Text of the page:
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      Silibinin inhibits tumor growth through downregulation of extracellular signal-regulated kinase and Akt in vitro and in vivo in human ovarian cancer cells.

      Journal of Agricultural and Food Chemistry
      Acetylcysteine, adverse effects, Animals, Antineoplastic Agents, pharmacology, Antioxidants, Caspase 3, genetics, metabolism, Cell Death, drug effects, Cell Line, Tumor, Cell Proliferation, Cell Survival, Down-Regulation, Extracellular Signal-Regulated MAP Kinases, Female, Humans, Ki-67 Antigen, Mice, Mice, Inbred BALB C, Ovarian Neoplasms, pathology, Proto-Oncogene Proteins c-akt, Reactive Oxygen Species, Silymarin

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          Abstract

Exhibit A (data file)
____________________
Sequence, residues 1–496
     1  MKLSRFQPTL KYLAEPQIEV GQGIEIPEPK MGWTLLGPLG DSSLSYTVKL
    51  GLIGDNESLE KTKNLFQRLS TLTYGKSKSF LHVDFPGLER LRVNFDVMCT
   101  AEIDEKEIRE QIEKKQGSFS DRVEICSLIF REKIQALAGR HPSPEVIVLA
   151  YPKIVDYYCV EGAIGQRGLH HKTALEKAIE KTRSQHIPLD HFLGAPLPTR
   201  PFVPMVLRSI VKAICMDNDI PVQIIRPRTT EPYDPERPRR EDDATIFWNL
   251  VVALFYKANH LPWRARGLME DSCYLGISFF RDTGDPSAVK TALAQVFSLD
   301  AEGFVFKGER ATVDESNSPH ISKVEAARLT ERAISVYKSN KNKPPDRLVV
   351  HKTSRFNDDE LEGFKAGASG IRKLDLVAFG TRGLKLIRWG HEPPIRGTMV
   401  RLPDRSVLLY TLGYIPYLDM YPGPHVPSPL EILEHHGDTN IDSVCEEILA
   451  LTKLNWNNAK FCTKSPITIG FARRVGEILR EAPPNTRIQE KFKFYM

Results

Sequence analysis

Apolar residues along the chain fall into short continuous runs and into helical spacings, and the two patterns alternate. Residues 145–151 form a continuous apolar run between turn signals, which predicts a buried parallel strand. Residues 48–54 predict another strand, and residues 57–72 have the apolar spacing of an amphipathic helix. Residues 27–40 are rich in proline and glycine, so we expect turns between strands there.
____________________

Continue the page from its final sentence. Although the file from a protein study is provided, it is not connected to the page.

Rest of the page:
Anticancer activity of silibinin, a flavonoid, has been demonstrated in various cancer cell types. However, the underlying mechanisms were not elucidated in human ovarian cancer cells. The present study was undertaken to examine the effect of silibinin in vitro and in vivo on tumor growth in human ovarian cancer cells. Silibinin decreased cell viability in a dose- and time-dependent manner. Silibinin caused an increase in reactive oxygen species (ROS) generation, and the silibinin-induced cell death was prevented by the antioxidant N-acetylcysteine (NAC). Western blot analysis showed silibinin-induced downregulation of extracellular signal-regulated kinase (ERK) and Akt. Transfection of constitutively active forms of MEK and Akt prevented the silibinin-induced cell death. Oral administration of silibinin in animals with subcutaneous A2780 cells reduced tumor volume. Subsequent tumor tissue analysis showed that silibinin treatment induced a decrease in Ki-67-positive cells, an increase in transferase-mediated dUTP nick end labeling (TUNEL)-positive cells, activation of caspase-3, and inhibition of p-ERK and p-Akt. These results indicate that silibinin reduces tumor growth through inhibition of ERK and Akt in human ovarian cancer cells. These data suggest that silibinin may serve as a potential therapeutic agent for human ovarian cancers.

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